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I am using Rails and have a user entered field that can become a param in the URL. I'd like to add a validation that stops the users from entering any fields that will cause routing errors, as currently if the user enters a value like that we get an error "No route matches [GET]..." So far I know periods and slashes are not allowed...

What regex should I use for my validation? Or what regex does Rails use by default for dynamic segments?

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Why not just define the route with your own :constraints? –  Dave Newton Jan 4 '13 at 18:55
    
In my case it is the resources route, but I am using strings for :id. I have no particular desire to change the constraints, I just want to know what they are so I can enforce them before it is a problem, rather than keep adding each example I find of a character that breaks it. –  LeBleu Jan 4 '13 at 19:06
    
What I'm saying is that if you define it then you can use the same regex to validate input, eliminating ever having to think about it regardless of anything on the Rails side (which could change across versions, etc.) –  Dave Newton Jan 4 '13 at 19:10
    
I suppose I can add ":id => %r/.+/", but I don't know what previously forbidden characters I am allowing and in the process breaking other things. For example, changing it to that breaks adding .json to the end to get the response formatted in JSON. I don't want to break built-in Rails functionality, I just want to know what to disallow so I don't break it. –  LeBleu Jan 4 '13 at 19:21
    
... I'm saying be relatively restrictive, not put in a ., because that would be kind of silly. Without knowing the type of things you want to allow, it's difficult to understand what's difficult about providing a relatively restrictive regex (like chars, underscore, numbers, and maybe a few other things). –  Dave Newton Jan 4 '13 at 19:25

3 Answers 3

up vote 1 down vote accepted

Since no one has actually answered the question, just suggested workarounds. (Which are probably better, if you are in the right circumstances to use them.) I experimented to find the characters that caused issues. I tested all punctuation available on a standard US keyboard. I also tested space and (horizontal) tab. I did not test any extended Unicode punctuation, nor control characters.

The characters I found to cause problems in Rails 3.2.9, using webrick and the composite_primary_keys gem are:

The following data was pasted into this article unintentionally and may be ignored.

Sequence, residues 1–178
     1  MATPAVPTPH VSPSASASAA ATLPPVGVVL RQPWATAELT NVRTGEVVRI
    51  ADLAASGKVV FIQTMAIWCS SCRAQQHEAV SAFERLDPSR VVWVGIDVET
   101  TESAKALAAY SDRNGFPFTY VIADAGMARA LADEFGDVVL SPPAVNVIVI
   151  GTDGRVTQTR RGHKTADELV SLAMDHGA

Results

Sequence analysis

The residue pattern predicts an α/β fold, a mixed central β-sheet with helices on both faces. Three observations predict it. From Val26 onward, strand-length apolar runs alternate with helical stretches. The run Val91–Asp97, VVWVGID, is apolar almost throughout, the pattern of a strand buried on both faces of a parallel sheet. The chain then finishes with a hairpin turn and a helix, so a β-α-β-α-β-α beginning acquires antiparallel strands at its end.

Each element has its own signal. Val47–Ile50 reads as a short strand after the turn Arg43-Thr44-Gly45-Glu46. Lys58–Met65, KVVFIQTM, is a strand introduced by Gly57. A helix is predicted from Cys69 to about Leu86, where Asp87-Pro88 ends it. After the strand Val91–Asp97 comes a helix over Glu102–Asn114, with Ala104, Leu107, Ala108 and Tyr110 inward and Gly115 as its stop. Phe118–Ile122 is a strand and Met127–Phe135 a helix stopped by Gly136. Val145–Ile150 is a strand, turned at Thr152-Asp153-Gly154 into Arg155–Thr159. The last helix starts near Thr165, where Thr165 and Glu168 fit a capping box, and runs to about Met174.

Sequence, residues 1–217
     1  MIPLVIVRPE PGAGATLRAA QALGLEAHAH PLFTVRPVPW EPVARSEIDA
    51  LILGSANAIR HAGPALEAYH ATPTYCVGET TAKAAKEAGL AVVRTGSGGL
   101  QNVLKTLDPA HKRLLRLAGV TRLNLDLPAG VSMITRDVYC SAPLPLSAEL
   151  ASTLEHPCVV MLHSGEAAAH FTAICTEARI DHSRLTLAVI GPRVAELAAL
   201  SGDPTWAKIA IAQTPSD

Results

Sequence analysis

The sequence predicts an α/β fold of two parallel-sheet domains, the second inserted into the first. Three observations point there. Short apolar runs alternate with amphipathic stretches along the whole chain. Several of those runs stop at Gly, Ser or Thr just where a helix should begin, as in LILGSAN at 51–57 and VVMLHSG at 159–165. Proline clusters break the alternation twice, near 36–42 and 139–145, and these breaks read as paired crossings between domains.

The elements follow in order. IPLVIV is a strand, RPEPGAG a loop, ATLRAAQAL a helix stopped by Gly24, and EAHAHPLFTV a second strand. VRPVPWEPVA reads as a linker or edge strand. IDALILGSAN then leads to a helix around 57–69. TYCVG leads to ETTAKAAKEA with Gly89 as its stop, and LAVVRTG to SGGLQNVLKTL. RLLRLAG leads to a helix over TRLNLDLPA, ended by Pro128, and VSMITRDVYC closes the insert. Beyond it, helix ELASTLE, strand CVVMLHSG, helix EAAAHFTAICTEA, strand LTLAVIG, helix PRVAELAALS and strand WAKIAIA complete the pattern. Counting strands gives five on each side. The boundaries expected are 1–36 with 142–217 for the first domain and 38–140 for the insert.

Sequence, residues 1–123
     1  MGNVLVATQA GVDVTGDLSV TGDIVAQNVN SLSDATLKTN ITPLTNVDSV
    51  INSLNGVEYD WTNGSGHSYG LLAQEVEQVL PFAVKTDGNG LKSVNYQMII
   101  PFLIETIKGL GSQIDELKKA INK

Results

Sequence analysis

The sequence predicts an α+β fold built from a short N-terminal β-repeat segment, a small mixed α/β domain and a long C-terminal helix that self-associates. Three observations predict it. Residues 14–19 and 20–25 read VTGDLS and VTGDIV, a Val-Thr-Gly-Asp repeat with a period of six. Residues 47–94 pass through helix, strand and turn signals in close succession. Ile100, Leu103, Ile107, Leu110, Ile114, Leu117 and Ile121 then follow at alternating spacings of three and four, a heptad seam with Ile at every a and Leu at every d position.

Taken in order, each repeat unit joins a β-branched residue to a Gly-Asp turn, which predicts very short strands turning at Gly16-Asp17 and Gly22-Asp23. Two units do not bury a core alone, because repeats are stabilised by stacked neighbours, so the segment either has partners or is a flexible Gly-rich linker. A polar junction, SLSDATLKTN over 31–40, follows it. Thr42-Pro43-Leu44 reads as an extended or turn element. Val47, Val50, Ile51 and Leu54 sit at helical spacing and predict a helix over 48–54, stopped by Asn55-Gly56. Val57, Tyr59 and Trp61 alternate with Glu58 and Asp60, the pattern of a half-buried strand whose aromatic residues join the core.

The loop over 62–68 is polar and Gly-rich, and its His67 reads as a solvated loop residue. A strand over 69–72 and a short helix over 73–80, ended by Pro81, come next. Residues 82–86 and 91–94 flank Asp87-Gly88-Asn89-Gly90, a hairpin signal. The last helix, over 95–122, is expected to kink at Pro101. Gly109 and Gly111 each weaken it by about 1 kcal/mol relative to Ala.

,/.%

To validate that a field contains none of these characters:

validates :field_name, :format => { :with => /\A[^,\/\.%]*\z/, 
  :message => "commas, slashes, periods, and percent signs (,/.%) are not allowed"}

Many of the other characters I tried are not valid directly in URLs, but Rails automatically URL encodes them so they do not cause an issue.

As mentioned in the comments on the original question, some of these characters can be enabled by configuring Rails other than the defaults, but in doing so you will disable other features of Rails. To enable them you need to add :constraints or :id settings in your route definition.

I have not completely tested enabling all these characters, but I believe the consequences are:

Ch  Consequence of enabling use
--  ---------------------------------------
,   Must not use gem composite_primary_keys
/   Limits ability to route to child items
.   Disables automatic format handling
%   Not sure this can be enabled
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Maybe you can let the user insert whatever, than use to_params + parameterize to write the url, and if you want some regex, take a look at the parameterize source code.

Example of to_params, the documentation and source code see: http://apidock.com/rails/ActiveSupport/Inflector/parameterize

Hope it helps!

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Good idea, but unfortunately it doesn't help. Parameterize just throws away everything but alphanumeric, dash, and underscore. I can't throw away characters, as I still need to be able to match on them. –  LeBleu Jan 4 '13 at 20:16
    
I didn't get it so... The to_param method on your class won't modify any char the user enters, it will just define how the url is written (apidock.com/rails/ActiveRecord/Base/to_param). If your intent is just a custom "pretty url", friendlyid gem might help: railscasts.com/episodes/314-pretty-urls-with-friendlyid –  Lucas Marcondes Pavelski Jan 4 '13 at 22:59
    
My point is that a custom "pretty url" is not my intent at all. This table, defined outside Rails, uses string IDs, not numeric. If I allow the user to insert whatever, but then throw it away in the URL, my URL no longer uniquely matches a record. –  LeBleu Jan 7 '13 at 23:32
    
Well, in that case you can validate uniqueness with guides.rubyonrails.org/… –  Lucas Marcondes Pavelski Jan 8 '13 at 13:09

From rails code in action_pack action_dispath/journey/path/pattern.rb

@separator_re = "([^#{separator}]+)" # where separator comes from @separators = "/.?"

So the default regular expression used to match a dynamic segment seems to be:

/([^\/\.\?])/
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